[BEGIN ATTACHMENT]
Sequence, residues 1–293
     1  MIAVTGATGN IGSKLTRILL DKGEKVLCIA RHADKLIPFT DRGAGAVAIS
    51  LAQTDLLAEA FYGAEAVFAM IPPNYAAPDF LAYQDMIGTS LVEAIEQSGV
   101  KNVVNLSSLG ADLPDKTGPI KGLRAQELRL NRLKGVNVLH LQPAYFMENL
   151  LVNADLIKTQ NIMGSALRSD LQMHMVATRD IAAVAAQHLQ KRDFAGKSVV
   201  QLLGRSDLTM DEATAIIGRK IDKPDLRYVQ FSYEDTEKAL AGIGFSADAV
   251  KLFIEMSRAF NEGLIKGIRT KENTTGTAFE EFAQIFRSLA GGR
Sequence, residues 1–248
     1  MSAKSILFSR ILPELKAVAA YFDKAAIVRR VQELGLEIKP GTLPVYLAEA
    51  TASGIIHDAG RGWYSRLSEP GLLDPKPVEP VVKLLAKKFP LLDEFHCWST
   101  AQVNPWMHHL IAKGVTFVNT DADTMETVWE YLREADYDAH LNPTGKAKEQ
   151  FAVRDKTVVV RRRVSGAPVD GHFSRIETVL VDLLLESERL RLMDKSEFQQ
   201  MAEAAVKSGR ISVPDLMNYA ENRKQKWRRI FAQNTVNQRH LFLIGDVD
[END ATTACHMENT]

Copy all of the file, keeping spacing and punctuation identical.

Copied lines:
Sequence, residues 1–293
     1  MIAVTGATGN IGSKLTRILL DKGEKVLCIA RHADKLIPFT DRGAGAVAIS
    51  LAQTDLLAEA FYGAEAVFAM IPPNYAAPDF LAYQDMIGTS LVEAIEQSGV
   101  KNVVNLSSLG ADLPDKTGPI KGLRAQELRL NRLKGVNVLH LQPAYFMENL
   151  LVNADLIKTQ NIMGSALRSD LQMHMVATRD IAAVAAQHLQ KRDFAGKSVV
   201  QLLGRSDLTM DEATAIIGRK IDKPDLRYVQ FSYEDTEKAL AGIGFSADAV
   251  KLFIEMSRAF NEGLIKGIRT KENTTGTAFE EFAQIFRSLA GGR
Sequence, residues 1–248
     1  MSAKSILFSR ILPELKAVAA YFDKAAIVRR VQELGLEIKP GTLPVYLAEA
    51  TASGIIHDAG RGWYSRLSEP GLLDPKPVEP VVKLLAKKFP LLDEFHCWST
   101  AQVNPWMHHL IAKGVTFVNT DADTMETVWE YLREADYDAH LNPTGKAKEQ
   151  FAVRDKTVVV RRRVSGAPVD GHFSRIETVL VDLLLESERL RLMDKSEFQQ
   201  MAEAAVKSGR ISVPDLMNYA ENRKQKWRRI FAQNTVNQRH LFLIGDVD